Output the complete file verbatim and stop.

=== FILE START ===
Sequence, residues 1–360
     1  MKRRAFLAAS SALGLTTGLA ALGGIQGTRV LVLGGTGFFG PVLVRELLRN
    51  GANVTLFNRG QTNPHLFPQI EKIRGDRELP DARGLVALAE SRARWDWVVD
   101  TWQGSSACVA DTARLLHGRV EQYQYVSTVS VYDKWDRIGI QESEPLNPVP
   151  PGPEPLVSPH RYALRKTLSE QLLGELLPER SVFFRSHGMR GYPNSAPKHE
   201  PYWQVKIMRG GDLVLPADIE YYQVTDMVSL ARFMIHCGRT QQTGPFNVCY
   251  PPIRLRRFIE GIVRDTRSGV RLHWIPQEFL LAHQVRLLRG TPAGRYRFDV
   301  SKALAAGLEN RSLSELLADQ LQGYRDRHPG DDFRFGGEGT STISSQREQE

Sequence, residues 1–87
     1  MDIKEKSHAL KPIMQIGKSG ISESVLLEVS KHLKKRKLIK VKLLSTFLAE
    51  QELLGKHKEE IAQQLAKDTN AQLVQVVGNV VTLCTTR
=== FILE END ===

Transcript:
Sequence, residues 1–360
     1  MKRRAFLAAS SALGLTTGLA ALGGIQGTRV LVLGGTGFFG PVLVRELLRN
    51  GANVTLFNRG QTNPHLFPQI EKIRGDRELP DARGLVALAE SRARWDWVVD
   101  TWQGSSACVA DTARLLHGRV EQYQYVSTVS VYDKWDRIGI QESEPLNPVP
   151  PGPEPLVSPH RYALRKTLSE QLLGELLPER SVFFRSHGMR GYPNSAPKHE
   201  PYWQVKIMRG GDLVLPADIE YYQVTDMVSL ARFMIHCGRT QQTGPFNVCY
   251  PPIRLRRFIE GIVRDTRSGV RLHWIPQEFL LAHQVRLLRG TPAGRYRFDV
   301  SKALAAGLEN RSLSELLADQ LQGYRDRHPG DDFRFGGEGT STISSQREQE

Sequence, residues 1–87
     1  MDIKEKSHAL KPIMQIGKSG ISESVLLEVS KHLKKRKLIK VKLLSTFLAE
    51  QELLGKHKEE IAQQLAKDTN AQLVQVVGNV VTLCTTR